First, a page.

U.S. companies may be touting "unlimited vacation" policies and expanding paid leave benefits to attract younger workers. But just before the long weekend kickoff to summer, two new surveys show that plenty of U.S. workers still don't feel they can use all that time they're offered — as well as an unsettling gender divide between how young women and young men take advantage of the time off they've earned.
First the good news: According to a survey of 7,331 Americans by Project: Time Off, an initiative of the U.S. Travel Assn., people are reporting that they're taking a little more time away. The survey, released Tuesday, showed that vacation use rose to an average of 16.8 days per worker, up from 16.2 days the year before, and that for the second year in a row, vacation use had climbed slightly since it began tumbling around the year 2000.
Yet there's still plenty of time left on the table, as that survey and one released Wednesday by the jobs site Glassdoor reveal. Project: Time Off says the 16.8 days that workers use on average is well under the 22.6 days they say they receive. Meanwhile Glassdoor's survey of 2,224 U.S. adults found that U.S. workers on average have taken just 54% of their allotted time.
"Americans are really bad about taking their hard-earned vacation or paid time off," said Scott Dobroski, Glassdoor's community expert. "I say it that way because there is a monetary value here. It's part of people's total compensation package."
The report by Project: Time Off — which uses an outside firm to conduct the survey but is funded primarily by the U.S. Travel Assn., which would, of course, like to see people spend more on vacations — also shows that some workers are more likely to take time off than others.
Although there was a jump in young men's willingness to take time off — with 51% saying they'd used all their vacation days, compared with 44% last year — fewer millennial women said they were using all of the time away they'd earned. (Forty-four percent, down from 46% last year, said they'd taken full advantage of their benefit.)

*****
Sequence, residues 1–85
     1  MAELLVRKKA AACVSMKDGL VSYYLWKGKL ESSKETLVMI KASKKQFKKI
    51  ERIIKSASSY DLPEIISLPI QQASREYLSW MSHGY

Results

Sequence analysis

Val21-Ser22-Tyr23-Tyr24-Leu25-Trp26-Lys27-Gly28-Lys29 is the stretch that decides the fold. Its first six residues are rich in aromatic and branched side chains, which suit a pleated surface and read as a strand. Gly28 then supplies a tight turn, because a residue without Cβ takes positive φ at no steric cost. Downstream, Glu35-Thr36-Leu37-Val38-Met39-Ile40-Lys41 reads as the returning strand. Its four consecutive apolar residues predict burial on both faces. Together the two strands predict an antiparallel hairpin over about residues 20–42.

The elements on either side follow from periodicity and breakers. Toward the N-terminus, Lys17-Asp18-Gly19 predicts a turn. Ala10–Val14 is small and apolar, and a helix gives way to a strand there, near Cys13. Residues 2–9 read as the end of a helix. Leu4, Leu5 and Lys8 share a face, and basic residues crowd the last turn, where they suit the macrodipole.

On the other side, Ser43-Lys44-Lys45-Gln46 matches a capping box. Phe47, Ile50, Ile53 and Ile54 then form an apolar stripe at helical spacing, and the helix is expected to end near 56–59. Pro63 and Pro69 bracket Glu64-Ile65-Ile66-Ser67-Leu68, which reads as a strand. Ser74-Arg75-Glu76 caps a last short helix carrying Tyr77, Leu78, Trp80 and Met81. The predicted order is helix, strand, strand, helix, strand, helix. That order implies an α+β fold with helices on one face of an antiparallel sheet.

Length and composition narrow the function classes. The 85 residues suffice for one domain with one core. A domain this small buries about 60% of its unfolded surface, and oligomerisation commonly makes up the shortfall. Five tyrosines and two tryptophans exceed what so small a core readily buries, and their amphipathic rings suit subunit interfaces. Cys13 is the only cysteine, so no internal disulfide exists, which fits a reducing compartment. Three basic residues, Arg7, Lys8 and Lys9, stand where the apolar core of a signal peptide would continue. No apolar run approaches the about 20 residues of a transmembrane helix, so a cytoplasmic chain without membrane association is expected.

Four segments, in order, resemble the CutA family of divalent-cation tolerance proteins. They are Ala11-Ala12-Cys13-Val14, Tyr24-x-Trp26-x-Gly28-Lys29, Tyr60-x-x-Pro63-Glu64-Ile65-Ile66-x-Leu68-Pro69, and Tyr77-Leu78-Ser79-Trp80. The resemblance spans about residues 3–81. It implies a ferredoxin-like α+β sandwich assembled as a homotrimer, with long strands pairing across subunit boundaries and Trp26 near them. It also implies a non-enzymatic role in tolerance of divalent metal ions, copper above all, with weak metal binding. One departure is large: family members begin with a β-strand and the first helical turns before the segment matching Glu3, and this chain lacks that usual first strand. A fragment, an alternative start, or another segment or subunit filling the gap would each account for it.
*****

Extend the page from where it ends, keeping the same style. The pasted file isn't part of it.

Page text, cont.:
Young women were also more likely to say they felt guilty, replaceable or wanted to "show complete dedication." On every measure, whether it was the fear of returning to too much work or worrying that no one else can do their jobs, more young women were concerned about the effect of vacation than young men.
"Millennial women tend to have more pronounced guilt and feel they don't want to burden people with their time away," said Katie Denis, the lead researcher for Project: Time Off. "They're more likely to identify with that 'work martyr' brand of thinking." Indeed, although the data showed a similar gender divide in other age groups, Denis said, it was most pronounced among millennial women, 46% of whom said it was a good thing for their boss to see them as a work martyr, compared with 43% of millennial men and 38% of overall respondents.
The survey also found a divide among job title. Senior executives may say they hear more at work about taking vacation and believe their company culture supports it, but they're also less likely to actually use it. Sixty-one percent said they left some vacation time unused, compared with 52% of people who are not managers.
Why the number ticked up this year is not clear. Denis said part of it could be because workers are receiving more time off in the first place. The average amount of time away workers earned in 2016 increased 0.7 days to 22.6 vacation days. Or it's possible that companies are recognizing the benefits of rested workers and encouraging them to take more — or that employees are feeling more confident in their job security and less nervous about taking time off.
The trend of Americans using less of the vacation time they've earned coincides with the rise in "paid time off banks," in which companies put vacation days, sick time and personal days into one bucket, rather than a more traditional approach of offering separate benefits. In 2002, according to a survey by the human resources association World at Work, 28% of companies offered time off this way, but that had grown to 43% by 2016. Employees concerned about needing to reserve time for a potential illness or a sick child might be more apt to leave time off unused when the year's end comes.
Although Denis says that may partially explain why Americans continue to not use all their vacation benefit, she said the ability to work anywhere is an equally, if not more, blame-worthy culprit. The report showed that vacation forfeiters said their biggest reason for doing so was because of their fears about returning to a mountain of work.
As she puts it: "When you can see it stacking up in real time, that can be very discouraging." Which may help explain why, according to Glassdoor, some 66% of Americans say they spend time working when they are on vacation, up from 61% three years ago.
Jena McGregor writes a column analyzing leadership in the news for the Washington Post.
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